So now I am a happy owner of a Petzl Tactikka XP Headlamp!  It's lightweight and compact, fitting on your ball cap; perfect for backcountry hiking and hunting --- or in our case, walking at night if we suddenly found ourselves afoot.  My husband graciously agreed to model it for you, so you can see how effective the light is.  In fact, I really love this headlamp!  It has a powerful single LED bulb, with three different light levels, plus a "boost mode", if you really need an extra blast of light to find something in the dark (casting a 164 foot beam for 20 seconds!)
     For all you techies, the 1-Watt LED bulb produces a maximum brightness of 40 Lumens.  You can regulate the length of the beam from 59 feet to a maximum of 114.8 feet, which allows you to maximize efficiency, increasing burn time from 60 hours to 120 hours.  The Petzl headlamp also has an additional setting that offers a strobe light for emergency signaling.
     The versatility of this light is amazing!  There's a hinge on the housing of the Tikka XP that enables you to aim the beam where you need it the most.  Whether you need a flood beam or a spot beam, you have it at your fingertips with the Petzl.  Besides the standard clear lens, you also get red, green and blue filtering lenses, although the red lens is best for night walking -- it's not as harsh, and it limits your visibility by others.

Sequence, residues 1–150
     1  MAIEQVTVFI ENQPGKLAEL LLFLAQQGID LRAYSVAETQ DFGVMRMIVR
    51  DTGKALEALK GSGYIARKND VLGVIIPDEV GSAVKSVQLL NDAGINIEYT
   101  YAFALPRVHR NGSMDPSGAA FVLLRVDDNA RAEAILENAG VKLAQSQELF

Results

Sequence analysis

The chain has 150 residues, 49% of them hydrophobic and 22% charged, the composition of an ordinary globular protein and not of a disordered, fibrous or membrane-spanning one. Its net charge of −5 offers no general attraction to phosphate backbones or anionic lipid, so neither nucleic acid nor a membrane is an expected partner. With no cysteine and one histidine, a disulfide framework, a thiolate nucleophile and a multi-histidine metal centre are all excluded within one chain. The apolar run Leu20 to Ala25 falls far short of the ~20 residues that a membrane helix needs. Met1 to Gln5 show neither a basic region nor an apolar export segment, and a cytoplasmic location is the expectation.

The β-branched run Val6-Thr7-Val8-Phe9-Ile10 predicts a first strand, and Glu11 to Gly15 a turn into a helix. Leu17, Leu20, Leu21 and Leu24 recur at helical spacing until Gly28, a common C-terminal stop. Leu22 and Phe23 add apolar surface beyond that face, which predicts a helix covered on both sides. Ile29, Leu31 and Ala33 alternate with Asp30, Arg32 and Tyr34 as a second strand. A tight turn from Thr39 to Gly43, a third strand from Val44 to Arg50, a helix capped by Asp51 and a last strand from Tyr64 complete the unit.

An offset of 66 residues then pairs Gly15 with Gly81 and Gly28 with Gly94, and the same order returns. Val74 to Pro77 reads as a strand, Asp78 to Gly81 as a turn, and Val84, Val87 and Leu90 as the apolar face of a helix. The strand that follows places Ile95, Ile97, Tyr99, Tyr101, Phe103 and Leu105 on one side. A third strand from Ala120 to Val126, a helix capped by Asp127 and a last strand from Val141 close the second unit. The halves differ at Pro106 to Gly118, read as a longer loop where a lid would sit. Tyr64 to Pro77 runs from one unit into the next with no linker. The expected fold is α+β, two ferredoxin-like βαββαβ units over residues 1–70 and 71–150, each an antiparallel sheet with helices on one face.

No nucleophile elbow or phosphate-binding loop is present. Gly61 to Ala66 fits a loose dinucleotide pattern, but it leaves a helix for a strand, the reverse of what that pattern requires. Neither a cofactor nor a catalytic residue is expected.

The elastic headband is comfortable and adjustable, and the entire apparatus is water-resistant (Note: not "waterproof" - there is a difference).  If you get caught out in the rain, be sure to open the unit and empty the batteries to let it dry thoroughly and avoid corrosion, which is not covered by the warranty.  
     The Petzl Tactikka XP only weighs 3.35 ounces, including three AAA batteries, so it's a no-brainer to add this item to your BOB.  It's a little pricey, at around $60, but when I envisioned Terri and I fumbling with a flashlight, and even dropping one in the dark, I figured the Petzl was worth its price in convenience, portability, and user-friendliness.  It's just one more item that gives me a sense of security and peace of mind; and that is priceless!

2 Samuel 22:29     "You, LORD, are my lamp; the LORD turns my darkness into light." 

May 30, 2012

Precious Water!

      But as we're beginning to grasp, the tried-and-true implements of yesteryear may soon be our salvation.  I reported to you a week or so ago, about the Simple Pump, today's version of that reliable hand pump.  And I'm thrilled to tell you that we installed one this last weekend.  It was a group project; like-minded neighbors not only wanted to help, but see how it was assembled and how well it worked.  We were lucky enough to have friends who had just recently installed their own Simple Pump, so we were able to cut the learning curve in half.  I imagine that this gathering of folks resembled a similar assembly when the reverse installation occurred.  Instead of mimicking my grandparents receiving water pumped into their home by means of an electrical pump, here I was celebrating a brand new hand pump!  The irony was not lost on me!
     But it was an amazingly simple operation, and the following pictures illustrate the process:

4 " well cap with three ports. 

Drop pipes with embedded sucker rods are layed out and sorted.

Sucker Rods are tightened inside PVC before next link of pipe is attached.

Each additional link of PVC is then tightened,  until you have lowered
it far enough to reach your water level.

The stainless steel piston rod is added to the last link of PVC
and lowered into the well shaft.

The handle is assembled and attached to the piston rod.

Sweet Water!